The Austrian parliament approved a bill on Wednesday (26 May) introducing the so-called “green pass” which would grant holders access to restaurants, hotels and cultural facilities if they can prove they are vaccinated, recovered from COVID-19 or tested negative for the virus via a QR-code.
All major parties voted in favour of the bill, except for the populist FPÖ.
Although the bill sparked controversy last week following claims it infringed on data protection rights, the government nevertheless got most of the opposition on board by leaving the most controversial parts that concerned mass data storage out of the bill.
The opposition celebrated the move as a victory, saying “we have prevented the surveillance state,” said a socialist MP from the SPÖ.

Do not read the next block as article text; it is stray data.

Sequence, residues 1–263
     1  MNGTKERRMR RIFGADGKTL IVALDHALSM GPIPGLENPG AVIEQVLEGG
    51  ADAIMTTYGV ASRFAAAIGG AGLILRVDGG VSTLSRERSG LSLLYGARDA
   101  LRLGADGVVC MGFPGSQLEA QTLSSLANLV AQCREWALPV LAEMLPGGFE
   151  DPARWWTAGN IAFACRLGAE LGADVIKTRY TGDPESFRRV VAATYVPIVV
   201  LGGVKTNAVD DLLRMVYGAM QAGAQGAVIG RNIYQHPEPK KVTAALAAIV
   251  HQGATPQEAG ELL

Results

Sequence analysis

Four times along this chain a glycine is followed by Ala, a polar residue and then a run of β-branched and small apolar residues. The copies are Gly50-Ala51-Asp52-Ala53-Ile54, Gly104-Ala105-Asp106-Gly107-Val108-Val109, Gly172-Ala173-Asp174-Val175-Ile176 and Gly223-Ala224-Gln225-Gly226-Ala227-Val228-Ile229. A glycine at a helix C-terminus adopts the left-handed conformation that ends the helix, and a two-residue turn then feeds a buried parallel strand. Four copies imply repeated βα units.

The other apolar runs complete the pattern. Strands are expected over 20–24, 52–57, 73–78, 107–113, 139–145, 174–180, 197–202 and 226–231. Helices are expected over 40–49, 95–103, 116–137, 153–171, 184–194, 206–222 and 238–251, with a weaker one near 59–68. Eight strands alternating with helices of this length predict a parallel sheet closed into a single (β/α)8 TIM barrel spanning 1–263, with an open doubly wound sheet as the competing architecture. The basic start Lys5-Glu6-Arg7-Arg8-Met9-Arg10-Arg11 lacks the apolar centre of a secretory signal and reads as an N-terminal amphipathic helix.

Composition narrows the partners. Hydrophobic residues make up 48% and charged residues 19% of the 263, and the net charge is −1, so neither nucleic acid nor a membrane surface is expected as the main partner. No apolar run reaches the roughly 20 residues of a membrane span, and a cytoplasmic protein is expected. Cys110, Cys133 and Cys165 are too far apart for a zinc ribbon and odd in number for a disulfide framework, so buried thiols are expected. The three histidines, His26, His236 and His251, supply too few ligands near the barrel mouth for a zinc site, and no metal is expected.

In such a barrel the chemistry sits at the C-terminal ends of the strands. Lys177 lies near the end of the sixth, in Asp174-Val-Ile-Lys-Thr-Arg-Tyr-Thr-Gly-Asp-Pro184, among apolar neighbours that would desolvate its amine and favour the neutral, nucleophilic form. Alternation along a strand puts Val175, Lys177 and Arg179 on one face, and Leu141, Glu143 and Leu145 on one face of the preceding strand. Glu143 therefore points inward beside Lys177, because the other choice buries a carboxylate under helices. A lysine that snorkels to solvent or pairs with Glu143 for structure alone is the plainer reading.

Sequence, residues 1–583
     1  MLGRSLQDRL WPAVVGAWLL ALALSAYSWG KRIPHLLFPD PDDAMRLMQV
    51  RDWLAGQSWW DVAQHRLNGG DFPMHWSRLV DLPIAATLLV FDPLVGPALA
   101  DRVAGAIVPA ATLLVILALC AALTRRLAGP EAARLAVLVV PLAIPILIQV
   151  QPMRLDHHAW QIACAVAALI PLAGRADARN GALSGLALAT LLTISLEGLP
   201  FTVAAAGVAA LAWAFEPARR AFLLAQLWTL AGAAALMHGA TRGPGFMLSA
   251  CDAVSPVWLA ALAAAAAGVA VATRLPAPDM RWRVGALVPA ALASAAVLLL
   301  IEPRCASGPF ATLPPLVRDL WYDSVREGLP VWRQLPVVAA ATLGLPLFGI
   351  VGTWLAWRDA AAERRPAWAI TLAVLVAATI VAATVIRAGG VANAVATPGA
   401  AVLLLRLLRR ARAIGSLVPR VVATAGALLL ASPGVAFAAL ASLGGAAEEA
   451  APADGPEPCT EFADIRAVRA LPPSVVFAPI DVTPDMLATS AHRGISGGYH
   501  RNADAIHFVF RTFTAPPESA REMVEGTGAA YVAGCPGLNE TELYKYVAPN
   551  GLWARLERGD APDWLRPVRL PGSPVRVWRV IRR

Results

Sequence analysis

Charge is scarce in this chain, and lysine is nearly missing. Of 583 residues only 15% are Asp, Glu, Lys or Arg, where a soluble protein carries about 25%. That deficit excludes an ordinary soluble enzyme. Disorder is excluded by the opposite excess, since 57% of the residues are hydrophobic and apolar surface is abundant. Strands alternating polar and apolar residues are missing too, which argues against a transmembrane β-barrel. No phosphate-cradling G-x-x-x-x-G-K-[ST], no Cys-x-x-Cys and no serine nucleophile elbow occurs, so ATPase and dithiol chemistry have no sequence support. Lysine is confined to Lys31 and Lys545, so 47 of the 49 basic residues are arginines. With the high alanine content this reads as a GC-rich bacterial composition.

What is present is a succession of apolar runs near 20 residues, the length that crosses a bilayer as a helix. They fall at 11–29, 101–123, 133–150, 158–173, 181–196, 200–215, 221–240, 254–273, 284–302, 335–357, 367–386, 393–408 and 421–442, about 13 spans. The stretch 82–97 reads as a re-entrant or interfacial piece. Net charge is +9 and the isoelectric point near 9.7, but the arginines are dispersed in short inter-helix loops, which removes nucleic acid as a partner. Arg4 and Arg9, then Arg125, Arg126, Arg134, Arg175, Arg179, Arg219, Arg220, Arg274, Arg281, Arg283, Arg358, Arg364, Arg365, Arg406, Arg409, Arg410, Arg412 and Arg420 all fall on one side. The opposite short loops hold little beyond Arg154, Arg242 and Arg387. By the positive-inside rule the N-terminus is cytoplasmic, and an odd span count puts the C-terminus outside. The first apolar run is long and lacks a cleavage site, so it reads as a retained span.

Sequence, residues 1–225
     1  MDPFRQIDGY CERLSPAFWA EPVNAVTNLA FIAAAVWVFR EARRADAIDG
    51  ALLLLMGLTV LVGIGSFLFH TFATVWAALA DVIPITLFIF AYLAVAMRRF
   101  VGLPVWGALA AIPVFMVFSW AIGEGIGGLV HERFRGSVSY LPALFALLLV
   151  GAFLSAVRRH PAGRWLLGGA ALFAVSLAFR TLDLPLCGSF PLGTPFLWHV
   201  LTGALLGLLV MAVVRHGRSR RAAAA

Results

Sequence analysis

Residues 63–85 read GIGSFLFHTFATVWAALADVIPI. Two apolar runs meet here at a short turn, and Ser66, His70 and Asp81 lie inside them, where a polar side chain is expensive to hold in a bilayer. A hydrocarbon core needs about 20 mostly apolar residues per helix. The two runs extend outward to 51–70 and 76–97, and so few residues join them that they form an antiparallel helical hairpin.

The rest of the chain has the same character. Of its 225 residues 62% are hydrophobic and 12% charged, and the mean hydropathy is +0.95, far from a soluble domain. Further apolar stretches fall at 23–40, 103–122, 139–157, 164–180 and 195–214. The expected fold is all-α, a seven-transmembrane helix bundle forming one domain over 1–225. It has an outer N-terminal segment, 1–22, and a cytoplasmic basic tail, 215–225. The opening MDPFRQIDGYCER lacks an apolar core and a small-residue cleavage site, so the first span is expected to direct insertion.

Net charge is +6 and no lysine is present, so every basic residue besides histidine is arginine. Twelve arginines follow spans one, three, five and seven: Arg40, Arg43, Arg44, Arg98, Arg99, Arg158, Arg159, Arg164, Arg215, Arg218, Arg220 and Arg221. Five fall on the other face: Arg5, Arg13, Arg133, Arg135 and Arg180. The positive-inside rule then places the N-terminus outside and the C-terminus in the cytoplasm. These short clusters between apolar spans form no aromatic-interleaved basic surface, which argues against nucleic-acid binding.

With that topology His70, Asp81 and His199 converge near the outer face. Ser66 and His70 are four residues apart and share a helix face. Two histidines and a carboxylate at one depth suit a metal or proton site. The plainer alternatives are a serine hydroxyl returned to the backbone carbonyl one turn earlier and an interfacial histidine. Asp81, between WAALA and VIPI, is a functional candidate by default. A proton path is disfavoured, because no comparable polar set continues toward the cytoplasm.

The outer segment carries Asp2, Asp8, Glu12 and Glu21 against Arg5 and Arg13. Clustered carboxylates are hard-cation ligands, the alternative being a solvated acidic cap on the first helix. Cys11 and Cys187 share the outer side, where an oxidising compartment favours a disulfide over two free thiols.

However, the liberal NEOS party, which voted in favour of the law, criticised the government for not waiting for a common EU approach.
The conservative ÖVP of Chancellor Sebastian Kurz responded, claiming that the green pass is “setting the pace” in Europe for the introduction of a common COVID-19 certificate scheme. Green Health Minister Wolfgang Mückstein thanked the opposition for their “constructive approach” and praised the law as paving the way for Austria’s return to normality.
The EU-wide COVID certificate is expected to apply as of 1 July.
At a summit earlier this week, EU leaders approved the COVID certificate while on Wednesday the European Parliament’s Committee on Civil Liberties adopted the relevant regulation, paving the way for its final approval by the EU House plenary on 7-10 June.
The EU COVID certificate aims to facilitate travel across the bloc, however EU member states are free to require its use for other activities, such as entering bars and restaurants. The legality of such measures will be decided by national courts.
But if EU member states decide to use it for activities other than travel, then they are also obliged to recognise EU certificates of EU visitors. (Oliver Noyan | EURACTIV.de)